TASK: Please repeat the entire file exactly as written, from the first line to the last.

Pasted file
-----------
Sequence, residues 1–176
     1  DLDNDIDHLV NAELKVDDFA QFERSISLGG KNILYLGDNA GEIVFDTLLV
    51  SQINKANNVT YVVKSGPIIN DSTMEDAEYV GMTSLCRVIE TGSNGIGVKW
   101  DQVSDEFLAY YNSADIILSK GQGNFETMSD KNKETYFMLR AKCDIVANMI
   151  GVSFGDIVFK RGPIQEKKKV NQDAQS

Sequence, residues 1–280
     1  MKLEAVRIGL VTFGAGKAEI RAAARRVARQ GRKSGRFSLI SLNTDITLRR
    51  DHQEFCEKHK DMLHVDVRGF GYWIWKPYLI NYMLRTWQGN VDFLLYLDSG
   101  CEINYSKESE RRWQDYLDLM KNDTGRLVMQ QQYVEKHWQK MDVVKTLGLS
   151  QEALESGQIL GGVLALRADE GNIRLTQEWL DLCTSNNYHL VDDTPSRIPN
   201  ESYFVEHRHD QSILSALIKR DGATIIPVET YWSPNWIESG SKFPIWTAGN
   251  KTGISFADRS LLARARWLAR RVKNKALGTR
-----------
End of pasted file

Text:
Sequence, residues 1–176
     1  DLDNDIDHLV NAELKVDDFA QFERSISLGG KNILYLGDNA GEIVFDTLLV
    51  SQINKANNVT YVVKSGPIIN DSTMEDAEYV GMTSLCRVIE TGSNGIGVKW
   101  DQVSDEFLAY YNSADIILSK GQGNFETMSD KNKETYFMLR AKCDIVANMI
   151  GVSFGDIVFK RGPIQEKKKV NQDAQS

Sequence, residues 1–280
     1  MKLEAVRIGL VTFGAGKAEI RAAARRVARQ GRKSGRFSLI SLNTDITLRR
    51  DHQEFCEKHK DMLHVDVRGF GYWIWKPYLI NYMLRTWQGN VDFLLYLDSG
   101  CEINYSKESE RRWQDYLDLM KNDTGRLVMQ QQYVEKHWQK MDVVKTLGLS
   151  QEALESGQIL GGVLALRADE GNIRLTQEWL DLCTSNNYHL VDDTPSRIPN
   201  ESYFVEHRHD QSILSALIKR DGATIIPVET YWSPNWIESG SKFPIWTAGN
   251  KTGISFADRS LLARARWLAR RVKNKALGTR